EJSIC would like to congratulate the Alabama Crimson Tide for winning the BCS National Championship*. Your names will be forever written in granite and binary.
Okay, baseball season’s over. College basketball is still in the exhibition stage. So, let’s get back to the sport that’s really exciting in early November for everyone—college football (no, State fans, we’re not talking about men’s soccer). Fresh off my successful prediction of the USC upset and even though my other upset predictions didn’t happen, I’m ready to predict the outcome of this week’s Top 25 games. This time, I’m including the Thursday night game. The same rules and stipulations from last week apply this week.
No. 23 Virginia Tech at East Carolina: What is it with ACC teams and Thursday night games? First Georgia Tech played two Thursday night games in a row, then UNC did it and now it’s Virginia Tech’s turn. Is it because the ACC is so mediocre that they honor them with a game on a mediocre night? Or is it done to highlight how truly splendiferous the ACC is at playing lackluster football? Anyway, now that Virginia Tech has gotten its loss to a ranked team and its loss to a lame team under its belt, it’s time for them to start taking opponents apart in their quest to lose yet another embarrassing game in the ACC BCS bowl. East Carolina is not as bad as they look, but you can’t argue with history. Virginia Tech wins this one.
No. 7 Boise State at Louisiana Tech. I’m sure the BCS would love to see an upset here because then they won’t have to listen to people who really know something about football complain how Boise State should have been in National Championship BCS game, mainly because a loss would catapult them out of the Top 25. However, complain they will, because I see no upset here. Louisiana State couldn’t even beat Idaho. By the way, let me be one of the first ones to say it. As long as Florida, Ohio State, Texas, Alabama and USC all have football teams, Boise State will never have the chance to taste the national championship. I’m sorry for it, but it’s a fact of football life. Ca-ching.
Vanderbilt at No. 1 Florida. Considering that Georgia Tech basically danced past Vanderbilt last week—and we all know what conference the Yellow Jackets are in—this is a no brainer. Florida fans can’t relax, though, because if they don’t beat Vanderbilt by 35 points or more and Alabama beats LSU, they may be kicked out of the top spot. We now know that the pollsters have “Joe Wilson/Kanye West disruption” aspirations and jumble up the Top 3 for no other reason than to get noticed and talked about.
UCF at No. 2 Texas. University of Central Florida? Seriously, Texas? Are
you really so afraid of OOC play that a C-USA team is the best you can come up with?
No. 9 LSU at No. 3 Alabama. This is actually anybody’s game because it’s being played in Tuscaloosa. If it were in Baton Rouge, it would be no contest. However, I’m predicting an upset simply because I think that LSU is playing with more heart than Alabama right now. I’ve watched both teams play three times this season and I’m still not convinced that Alabama is the No. 3 team in the nation. I won’t be surprised if I’m wrong about this, though.
Northwestern at No. 4 Iowa. Dammit, I want Northwestern to upset someone, but I don’t think it’s going to be Iowa. Despite the fact that Iowa has absolutely no business being ranked No. 4 and I would jump for joy if they lost, Northwestern will have been too worn out after giving Penn State half a game last week to pull off the upset.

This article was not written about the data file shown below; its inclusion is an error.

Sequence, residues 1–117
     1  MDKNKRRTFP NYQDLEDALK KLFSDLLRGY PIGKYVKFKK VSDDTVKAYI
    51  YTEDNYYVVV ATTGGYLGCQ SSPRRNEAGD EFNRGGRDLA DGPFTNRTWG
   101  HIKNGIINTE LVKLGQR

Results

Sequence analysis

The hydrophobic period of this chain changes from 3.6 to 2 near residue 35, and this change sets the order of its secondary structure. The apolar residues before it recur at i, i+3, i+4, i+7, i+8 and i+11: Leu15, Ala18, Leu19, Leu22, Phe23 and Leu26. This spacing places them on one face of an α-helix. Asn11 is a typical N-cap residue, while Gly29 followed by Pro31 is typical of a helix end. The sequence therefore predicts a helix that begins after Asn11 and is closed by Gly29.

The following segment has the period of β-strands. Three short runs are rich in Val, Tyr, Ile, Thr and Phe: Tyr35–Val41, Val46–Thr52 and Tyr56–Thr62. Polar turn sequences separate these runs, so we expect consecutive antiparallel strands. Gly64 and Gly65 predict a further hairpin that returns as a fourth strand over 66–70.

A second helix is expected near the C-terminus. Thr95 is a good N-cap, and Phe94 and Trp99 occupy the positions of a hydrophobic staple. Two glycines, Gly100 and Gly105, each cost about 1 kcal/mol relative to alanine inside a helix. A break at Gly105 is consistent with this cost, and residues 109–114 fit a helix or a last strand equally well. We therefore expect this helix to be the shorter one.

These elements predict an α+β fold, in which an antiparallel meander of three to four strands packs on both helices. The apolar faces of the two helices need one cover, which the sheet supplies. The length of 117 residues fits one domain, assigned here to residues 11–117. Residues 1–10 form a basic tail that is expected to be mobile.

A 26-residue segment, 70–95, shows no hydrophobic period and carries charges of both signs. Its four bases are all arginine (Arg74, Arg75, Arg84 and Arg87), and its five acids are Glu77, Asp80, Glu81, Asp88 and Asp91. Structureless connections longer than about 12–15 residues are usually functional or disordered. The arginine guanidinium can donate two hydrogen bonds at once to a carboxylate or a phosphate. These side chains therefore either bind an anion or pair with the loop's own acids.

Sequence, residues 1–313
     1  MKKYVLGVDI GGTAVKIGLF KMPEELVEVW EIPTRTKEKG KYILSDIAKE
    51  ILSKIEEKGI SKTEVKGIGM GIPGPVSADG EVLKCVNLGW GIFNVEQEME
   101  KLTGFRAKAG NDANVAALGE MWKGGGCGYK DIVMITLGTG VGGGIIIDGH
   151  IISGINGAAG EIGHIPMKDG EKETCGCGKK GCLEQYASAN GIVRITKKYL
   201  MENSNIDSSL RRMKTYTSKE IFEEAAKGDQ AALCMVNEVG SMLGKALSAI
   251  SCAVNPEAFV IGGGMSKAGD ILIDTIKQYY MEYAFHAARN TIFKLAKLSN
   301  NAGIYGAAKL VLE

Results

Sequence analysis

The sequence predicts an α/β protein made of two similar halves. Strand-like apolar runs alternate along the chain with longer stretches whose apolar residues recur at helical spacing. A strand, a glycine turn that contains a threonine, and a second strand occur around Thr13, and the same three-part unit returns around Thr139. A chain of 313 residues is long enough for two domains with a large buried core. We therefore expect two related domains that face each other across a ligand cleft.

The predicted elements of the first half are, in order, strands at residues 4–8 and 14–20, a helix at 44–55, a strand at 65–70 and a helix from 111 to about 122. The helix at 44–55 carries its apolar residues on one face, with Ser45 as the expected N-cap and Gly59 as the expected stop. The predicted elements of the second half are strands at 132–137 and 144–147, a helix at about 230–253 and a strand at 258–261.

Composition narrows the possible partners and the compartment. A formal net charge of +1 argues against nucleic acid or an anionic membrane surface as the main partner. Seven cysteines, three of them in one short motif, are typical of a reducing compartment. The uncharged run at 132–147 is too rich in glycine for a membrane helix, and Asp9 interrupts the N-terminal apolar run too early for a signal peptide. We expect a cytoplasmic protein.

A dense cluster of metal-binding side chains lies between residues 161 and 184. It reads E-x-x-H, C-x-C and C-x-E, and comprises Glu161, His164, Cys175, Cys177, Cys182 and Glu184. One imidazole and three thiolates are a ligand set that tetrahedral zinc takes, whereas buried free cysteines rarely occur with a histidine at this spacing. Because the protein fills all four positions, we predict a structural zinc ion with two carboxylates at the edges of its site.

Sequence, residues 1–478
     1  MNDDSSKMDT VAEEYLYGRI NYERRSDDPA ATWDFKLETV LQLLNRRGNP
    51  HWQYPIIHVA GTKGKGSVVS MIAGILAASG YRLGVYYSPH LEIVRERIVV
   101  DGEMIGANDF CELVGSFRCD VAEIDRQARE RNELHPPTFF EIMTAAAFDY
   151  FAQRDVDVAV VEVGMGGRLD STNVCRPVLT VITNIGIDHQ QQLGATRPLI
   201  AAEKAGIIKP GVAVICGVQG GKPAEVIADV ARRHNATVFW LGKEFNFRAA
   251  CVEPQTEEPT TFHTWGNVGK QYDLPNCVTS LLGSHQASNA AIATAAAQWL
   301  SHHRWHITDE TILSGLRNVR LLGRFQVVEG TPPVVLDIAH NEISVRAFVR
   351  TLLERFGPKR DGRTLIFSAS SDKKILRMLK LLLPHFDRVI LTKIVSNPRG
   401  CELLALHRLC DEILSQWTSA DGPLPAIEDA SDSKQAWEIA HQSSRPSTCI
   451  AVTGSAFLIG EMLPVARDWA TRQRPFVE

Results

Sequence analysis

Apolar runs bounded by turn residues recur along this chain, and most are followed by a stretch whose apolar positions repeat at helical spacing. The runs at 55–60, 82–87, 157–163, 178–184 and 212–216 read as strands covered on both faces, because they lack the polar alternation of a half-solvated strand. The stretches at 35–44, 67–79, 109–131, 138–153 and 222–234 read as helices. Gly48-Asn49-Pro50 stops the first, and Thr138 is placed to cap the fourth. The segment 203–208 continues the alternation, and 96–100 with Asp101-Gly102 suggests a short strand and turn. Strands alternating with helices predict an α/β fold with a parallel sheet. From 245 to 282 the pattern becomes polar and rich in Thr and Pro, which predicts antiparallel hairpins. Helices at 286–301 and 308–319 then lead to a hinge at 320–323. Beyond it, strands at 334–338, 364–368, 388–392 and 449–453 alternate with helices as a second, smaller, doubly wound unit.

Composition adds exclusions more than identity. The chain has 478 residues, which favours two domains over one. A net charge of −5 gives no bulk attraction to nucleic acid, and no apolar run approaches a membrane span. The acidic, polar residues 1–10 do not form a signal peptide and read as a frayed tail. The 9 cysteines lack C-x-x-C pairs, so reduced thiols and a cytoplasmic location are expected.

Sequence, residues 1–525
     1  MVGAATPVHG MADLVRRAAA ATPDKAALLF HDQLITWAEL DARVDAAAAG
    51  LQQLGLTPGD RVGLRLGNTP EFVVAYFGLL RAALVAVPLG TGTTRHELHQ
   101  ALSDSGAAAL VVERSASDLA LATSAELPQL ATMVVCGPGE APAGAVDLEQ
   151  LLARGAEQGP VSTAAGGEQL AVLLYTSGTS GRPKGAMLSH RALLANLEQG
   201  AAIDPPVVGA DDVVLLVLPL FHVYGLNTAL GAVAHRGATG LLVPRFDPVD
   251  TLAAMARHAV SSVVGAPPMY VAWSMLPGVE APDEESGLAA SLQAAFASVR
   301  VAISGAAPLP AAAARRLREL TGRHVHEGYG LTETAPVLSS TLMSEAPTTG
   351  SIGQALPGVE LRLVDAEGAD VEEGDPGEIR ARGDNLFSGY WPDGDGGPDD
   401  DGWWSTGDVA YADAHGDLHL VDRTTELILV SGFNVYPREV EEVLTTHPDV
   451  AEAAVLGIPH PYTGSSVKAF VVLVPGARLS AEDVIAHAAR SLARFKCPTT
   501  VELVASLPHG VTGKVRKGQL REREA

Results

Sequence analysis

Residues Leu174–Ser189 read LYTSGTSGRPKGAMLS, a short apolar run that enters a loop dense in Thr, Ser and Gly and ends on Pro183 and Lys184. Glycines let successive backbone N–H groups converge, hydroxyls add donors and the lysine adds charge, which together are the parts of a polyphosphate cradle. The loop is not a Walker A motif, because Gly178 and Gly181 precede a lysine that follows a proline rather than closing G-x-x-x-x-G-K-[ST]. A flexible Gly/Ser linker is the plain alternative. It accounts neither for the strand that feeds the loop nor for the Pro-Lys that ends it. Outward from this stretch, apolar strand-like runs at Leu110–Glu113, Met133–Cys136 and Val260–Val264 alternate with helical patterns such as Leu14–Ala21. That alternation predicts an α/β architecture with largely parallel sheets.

Connecticut at No. 5 Cincinnati. Connecticut is not as bad as their record makes them look, but Cincinnati’s way better. By the way, Cincinnati fans, see my comments about Boise State above. Continue reading
I think I can confidently predict that—even if both teams lose a game or two—that Florida and Texas will play for the FBS National Championship in January.
“How is this?” you ask. After all, the 2009 football season is only a few weeks old and already “surprise upsets” are the talk of the season. No. 4 Ohio State lost to USC who then lost to Washington. No. 9 Oklahoma State beat Georgia only to lose to Houston the next week. Oklahoma started out at No. 3 and lost to BYU, who moved up to No. 7 and then promptly was blown out last week by unranked Florida State. The latest Top 10 team to fall? No. 4 Mississippi at the hands of South Carolina last night. Seriously? South Carolina, who barely beat N.C. State, beat Ole Miss?
Even when Top 10 teams win, there are still questions. Why didn’t Florida reduce Lane Kiffin’s lackadaisical band of vagabond players to rubble? How did Texas Tech manage to give Texas a game? Why are the only teams being destroyed regularly are the hapless Division I-AA and lower teams playing the Top 10?
These questions lead to other, bigger questions. Why is Ohio State always considered a National Contender only to be embarrassed in post-season bowl games? Why is the Top 10 always so Big 10 heavy? Why has Texas been considered a national contender for the past few years, even when their quarterback was a sophomore and their defensive line looked like a slice of swiss cheese?
So, surely with all this excitement and supposed parity in the conferences, no one would be bold enough to predict the BCS Champion at this point in the season, right?
Wrong. Anyone can figure it out if we throw out the idealistic notion that the football polls are actually based on how good the players and coaches are. Sports commentators are paid big bucks to perpetrate this myth and, toward the end of the season, they even enlist the aid of scary looking laptops running algorithms to compare stats to back up their opinions. But just like that op-ed piece in the Washington Post that uses statistics to back it up, it’s still an opinion. Continue reading